Despite the physics problems, the puzzles are fun to solve in general, but when there are timing elements things get a little frustrating. Relatively long attack windup animations mean that there is a fraction of time between when you hit attack and when the attack happens. Because of the frequently very tiny character models, getting the timing right can be downright infuriating, especially during the boss fights. Most action games ask you to balance reaction speed and pattern recognition with anticipation, but Giga Wrecker Alt leans way too far towards the latter. The timing required is ridiculously tight, and anticipating your actions through to the end of the attack animations often feels imprecise and inconsistent. It’s a frustratingly poor implementation of a cool gameplay mechanic concept.
Cyborg Upgrade Upgrades
Defeating enemies and destroying certain barriers containing blue crystals provide Reika with points she can use to upgrade her cyborg abilities. Every 100 crystals collected gives her one upgrade point, which she can use to increase her health bar, health regeneration, and offensive abilities, among other things. The upgrade chart has certain nodes that can only be unlocked after obtaining certain abilities, opening up even more upgrade options. The chart makes skill progression pretty straightforward, but I have to say it still feels rewarding. Something about a skill tree slot going from the dull, deactivated brown to a vibrant red, green, or blue activated slot just makes me feel good in my soul. It feels like I’m building something. In addition to unlocking new skills, Reika can also find terminals that allow her to unlock new skins for her abilities, like a voxelated skin for her blade ability. They’re purely ornamental, but cool nonetheless.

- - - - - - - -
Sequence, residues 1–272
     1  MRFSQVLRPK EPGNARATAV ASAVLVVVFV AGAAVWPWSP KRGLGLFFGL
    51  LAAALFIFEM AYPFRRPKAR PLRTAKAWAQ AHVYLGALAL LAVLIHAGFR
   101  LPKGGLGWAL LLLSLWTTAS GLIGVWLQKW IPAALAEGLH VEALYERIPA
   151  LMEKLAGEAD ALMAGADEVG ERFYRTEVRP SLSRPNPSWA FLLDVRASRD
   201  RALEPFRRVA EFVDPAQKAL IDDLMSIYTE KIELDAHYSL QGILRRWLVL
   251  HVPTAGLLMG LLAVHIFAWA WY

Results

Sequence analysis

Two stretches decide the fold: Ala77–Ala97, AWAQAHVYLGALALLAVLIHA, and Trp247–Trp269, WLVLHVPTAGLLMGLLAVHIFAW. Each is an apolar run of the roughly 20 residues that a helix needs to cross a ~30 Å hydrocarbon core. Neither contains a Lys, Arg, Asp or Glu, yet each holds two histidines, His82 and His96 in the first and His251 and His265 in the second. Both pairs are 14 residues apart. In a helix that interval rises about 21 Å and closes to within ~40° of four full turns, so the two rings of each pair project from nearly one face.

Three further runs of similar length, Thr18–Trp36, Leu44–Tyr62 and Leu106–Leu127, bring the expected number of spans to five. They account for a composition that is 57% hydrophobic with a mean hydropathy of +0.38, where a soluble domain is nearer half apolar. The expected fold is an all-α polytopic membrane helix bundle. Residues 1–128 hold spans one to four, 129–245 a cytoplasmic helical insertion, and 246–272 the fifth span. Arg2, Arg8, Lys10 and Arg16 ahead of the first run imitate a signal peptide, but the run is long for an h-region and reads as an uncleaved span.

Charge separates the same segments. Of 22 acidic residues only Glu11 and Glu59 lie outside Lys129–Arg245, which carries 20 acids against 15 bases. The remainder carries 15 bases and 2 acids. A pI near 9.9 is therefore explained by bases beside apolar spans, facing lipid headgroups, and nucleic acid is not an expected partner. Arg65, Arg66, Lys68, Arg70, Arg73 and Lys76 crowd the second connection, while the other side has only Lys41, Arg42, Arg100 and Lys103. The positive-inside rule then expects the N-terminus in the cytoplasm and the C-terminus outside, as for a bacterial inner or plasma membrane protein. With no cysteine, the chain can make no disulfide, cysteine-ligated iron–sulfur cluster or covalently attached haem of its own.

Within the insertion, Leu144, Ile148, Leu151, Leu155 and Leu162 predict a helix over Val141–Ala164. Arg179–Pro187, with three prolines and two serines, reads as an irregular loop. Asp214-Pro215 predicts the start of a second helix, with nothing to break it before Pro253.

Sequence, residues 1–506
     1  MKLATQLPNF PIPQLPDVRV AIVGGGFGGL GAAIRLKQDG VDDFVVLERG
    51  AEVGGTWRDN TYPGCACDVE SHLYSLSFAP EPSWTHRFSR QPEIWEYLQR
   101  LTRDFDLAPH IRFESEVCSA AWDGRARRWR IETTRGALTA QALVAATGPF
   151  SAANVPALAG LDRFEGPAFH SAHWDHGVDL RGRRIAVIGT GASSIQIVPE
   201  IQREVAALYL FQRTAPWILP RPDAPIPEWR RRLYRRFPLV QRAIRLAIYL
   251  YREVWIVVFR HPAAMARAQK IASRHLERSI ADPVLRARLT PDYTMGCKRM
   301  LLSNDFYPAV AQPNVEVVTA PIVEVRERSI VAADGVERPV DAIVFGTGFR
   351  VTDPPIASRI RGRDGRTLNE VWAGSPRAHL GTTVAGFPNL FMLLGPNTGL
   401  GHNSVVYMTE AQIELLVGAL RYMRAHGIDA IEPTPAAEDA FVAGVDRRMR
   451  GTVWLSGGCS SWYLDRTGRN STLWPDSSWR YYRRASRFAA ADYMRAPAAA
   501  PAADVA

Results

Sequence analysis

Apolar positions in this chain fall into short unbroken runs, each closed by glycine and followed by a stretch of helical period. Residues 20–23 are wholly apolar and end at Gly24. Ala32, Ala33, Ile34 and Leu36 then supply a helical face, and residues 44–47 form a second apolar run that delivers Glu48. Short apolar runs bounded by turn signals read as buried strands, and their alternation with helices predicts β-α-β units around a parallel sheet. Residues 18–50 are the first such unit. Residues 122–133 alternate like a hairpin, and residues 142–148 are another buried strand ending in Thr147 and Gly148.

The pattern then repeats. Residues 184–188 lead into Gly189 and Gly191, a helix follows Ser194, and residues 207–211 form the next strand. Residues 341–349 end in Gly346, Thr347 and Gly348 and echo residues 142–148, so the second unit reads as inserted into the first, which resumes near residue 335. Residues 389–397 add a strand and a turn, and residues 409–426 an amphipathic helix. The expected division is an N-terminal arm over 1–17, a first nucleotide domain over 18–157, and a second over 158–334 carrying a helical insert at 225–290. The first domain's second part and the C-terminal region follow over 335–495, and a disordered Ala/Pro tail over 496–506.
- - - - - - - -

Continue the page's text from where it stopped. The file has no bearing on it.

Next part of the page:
Giga Wrecker Alt features no touch or motion controls, which makes sense considering it is essentially a port of a PC game. I recommend playing it docked, however, because of the aforementioned issues with tiny text and the game screen zooming out way too far to discern the action. The only other aspect of the game that affects playability has nothing to do with controls; there are frequent load screens during screen transitions and when resetting a puzzle. It’s not that the load screens are long – none lasted more than ten seconds, tops – it’s just that they are very frequent and really break up the action.
TL;DR: Gorgeous metroidvania action/puzzle-platformer partially derailed by imprecise physics and controls.